An Oil Finish for Wood
To make your own oil finish, pour equal parts of turpentine and boiled linseed oil into a jar, tighten the lid, and shake to blend. (Caution: Wear rubber gloves.) Pour a small amount of the mixture on a soft cloth, and rub the surface of the furniture following the grain of the wood. The wood will appear oily, but within an hour the polish will be completely absorbed, leaving a lovely soft sheen.
Cleaning Wood Furniture
Whether your wood furniture is oiled, painted, or polished affects how it is cleaned. It's obvious when wood is painted, but be sure that you know the surface before you clean it. For example, some wood furniture is lightly lacquered and will not absorb oil, while other woods, particularly teak and rosewood, have no finish and benefit from a yearly application of furniture oil.
Oiled wood surfaces have a warm, soft glow and require only an occasional application of furniture oil to keep them looking nice.
- Be careful never to wax an oil finish. Wax blocks the pores of the wood, causing it to dry out and become brittle.
- To remove white spots on oil-finish furniture, such as those left by wet drinking glasses, rub them with toothpaste on a cloth. Or rub the white spots with a mild abrasive and oil. Appropriate abrasives are ash, salt, baking soda, or pumice; oils include olive oil, petroleum jelly, or cooking oil.
For painted wood furniture, the best care is probably the least since some polishes and waxes can damage the color and decoration.
- Vacuum the furniture regularly with a brush attachment; wipe occasionally with a sponge to remove smudges and finger marks.
- If you feel you must wax, use a hard paste wax only once a year.
This kind of furniture is finished with varnish, lacquer, or wax. Any commercial polish will clean wood surfaces quickly. Choose a product that is appropriate for the finish of your furniture. Paste wax gives a harder, longer-lasting finish than spray or liquid polish and is recommended for antiques.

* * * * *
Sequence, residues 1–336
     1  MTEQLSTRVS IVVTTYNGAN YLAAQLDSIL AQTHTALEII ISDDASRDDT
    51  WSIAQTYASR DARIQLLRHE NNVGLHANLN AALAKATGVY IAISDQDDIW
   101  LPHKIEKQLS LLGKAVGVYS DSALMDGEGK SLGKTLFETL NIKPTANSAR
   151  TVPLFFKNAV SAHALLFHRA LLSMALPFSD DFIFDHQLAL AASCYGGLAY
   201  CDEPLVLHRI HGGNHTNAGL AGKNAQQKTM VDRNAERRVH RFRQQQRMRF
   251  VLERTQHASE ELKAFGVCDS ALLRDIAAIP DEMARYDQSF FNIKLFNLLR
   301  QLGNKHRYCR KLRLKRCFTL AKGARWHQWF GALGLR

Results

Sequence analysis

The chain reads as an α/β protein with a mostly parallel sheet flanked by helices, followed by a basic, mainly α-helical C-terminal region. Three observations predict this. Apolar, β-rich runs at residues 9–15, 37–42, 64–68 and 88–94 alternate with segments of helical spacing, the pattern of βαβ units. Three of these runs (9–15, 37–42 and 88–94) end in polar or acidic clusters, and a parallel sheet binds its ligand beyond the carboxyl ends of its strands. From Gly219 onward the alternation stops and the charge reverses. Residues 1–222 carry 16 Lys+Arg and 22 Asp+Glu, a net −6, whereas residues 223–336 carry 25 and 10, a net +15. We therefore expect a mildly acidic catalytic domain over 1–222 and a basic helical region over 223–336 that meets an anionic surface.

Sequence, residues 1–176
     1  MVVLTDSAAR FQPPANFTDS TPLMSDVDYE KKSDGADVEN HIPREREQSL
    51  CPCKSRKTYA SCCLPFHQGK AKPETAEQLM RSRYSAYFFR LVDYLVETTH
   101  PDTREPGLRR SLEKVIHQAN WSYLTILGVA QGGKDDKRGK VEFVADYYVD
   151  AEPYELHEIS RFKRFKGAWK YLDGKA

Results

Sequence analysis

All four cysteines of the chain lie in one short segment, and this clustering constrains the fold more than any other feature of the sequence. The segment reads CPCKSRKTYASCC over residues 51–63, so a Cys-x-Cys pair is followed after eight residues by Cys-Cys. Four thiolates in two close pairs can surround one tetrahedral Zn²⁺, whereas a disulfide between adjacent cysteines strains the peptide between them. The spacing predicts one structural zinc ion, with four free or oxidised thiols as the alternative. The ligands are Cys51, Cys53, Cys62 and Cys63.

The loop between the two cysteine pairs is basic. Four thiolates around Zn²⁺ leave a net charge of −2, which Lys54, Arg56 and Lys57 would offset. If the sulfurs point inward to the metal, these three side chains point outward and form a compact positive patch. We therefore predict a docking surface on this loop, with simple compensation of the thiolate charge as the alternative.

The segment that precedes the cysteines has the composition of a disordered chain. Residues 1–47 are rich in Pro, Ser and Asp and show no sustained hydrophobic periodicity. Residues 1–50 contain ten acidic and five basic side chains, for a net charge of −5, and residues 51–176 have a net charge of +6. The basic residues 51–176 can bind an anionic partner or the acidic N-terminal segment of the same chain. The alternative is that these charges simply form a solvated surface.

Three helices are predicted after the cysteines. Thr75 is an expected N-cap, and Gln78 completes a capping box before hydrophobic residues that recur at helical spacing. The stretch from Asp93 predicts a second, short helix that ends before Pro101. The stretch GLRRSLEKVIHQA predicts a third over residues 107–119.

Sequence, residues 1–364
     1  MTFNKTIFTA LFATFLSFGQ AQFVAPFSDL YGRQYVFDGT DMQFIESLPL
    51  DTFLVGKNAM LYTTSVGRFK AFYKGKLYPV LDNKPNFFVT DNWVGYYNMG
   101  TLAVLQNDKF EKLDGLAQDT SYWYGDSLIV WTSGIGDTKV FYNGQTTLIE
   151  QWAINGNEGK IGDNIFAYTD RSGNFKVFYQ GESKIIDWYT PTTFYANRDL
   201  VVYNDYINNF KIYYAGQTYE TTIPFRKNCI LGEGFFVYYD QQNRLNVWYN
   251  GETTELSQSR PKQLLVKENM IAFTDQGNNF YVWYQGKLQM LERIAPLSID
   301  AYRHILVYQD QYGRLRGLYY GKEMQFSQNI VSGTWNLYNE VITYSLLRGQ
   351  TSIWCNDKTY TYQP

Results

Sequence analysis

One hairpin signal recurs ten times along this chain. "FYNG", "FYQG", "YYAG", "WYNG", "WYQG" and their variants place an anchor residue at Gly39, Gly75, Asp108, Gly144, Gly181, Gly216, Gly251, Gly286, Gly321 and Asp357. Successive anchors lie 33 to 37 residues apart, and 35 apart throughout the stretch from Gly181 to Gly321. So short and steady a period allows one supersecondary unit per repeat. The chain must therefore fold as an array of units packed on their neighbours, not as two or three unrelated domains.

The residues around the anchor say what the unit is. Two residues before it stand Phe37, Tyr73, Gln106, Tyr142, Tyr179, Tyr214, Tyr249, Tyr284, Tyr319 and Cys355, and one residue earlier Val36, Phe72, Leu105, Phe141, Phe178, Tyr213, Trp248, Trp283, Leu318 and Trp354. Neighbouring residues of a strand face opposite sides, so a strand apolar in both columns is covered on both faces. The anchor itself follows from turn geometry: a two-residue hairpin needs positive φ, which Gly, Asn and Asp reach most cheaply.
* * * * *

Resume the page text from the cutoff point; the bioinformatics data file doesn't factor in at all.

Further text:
- If you wear cotton gloves while you wax furniture, you will not leave fingerprints. © 2006 Publications International, Ltd.Avoid leaving fingerprints by wearing cotton gloves.
- Sprinkle cornstarch over the surface of recently polished furniture, and rub it to a high gloss. Cornstarch absorbs excess oil or wax and leaves a glistening surface that is free of fingerprints.
- Wipe polished wood furniture with a cloth dipped in tea, then buff.
- Apply mayonnaise to the white rings or spots on your wood furniture, let it sit for an hour, then wipe off with a soft cloth and polish.
The specialty woods used for furniture are wicker, rattan, bamboo, cane, and rush. They usually have a natural finish, but some pieces may have a varnish or shellac coating.
- Vacuum regularly with the brush attachment.
- With the exception of rush chair seats that are damaged by moisture, occasionally rinse specialty woods with water to restore moisture to the fibers.
- Wetting cane seats tightens them; spray the unvarnished side with water, and allow it to dry naturally.
Last but certainly not least are upholstered furnishings. You'll find tips for cleaning these in the next section.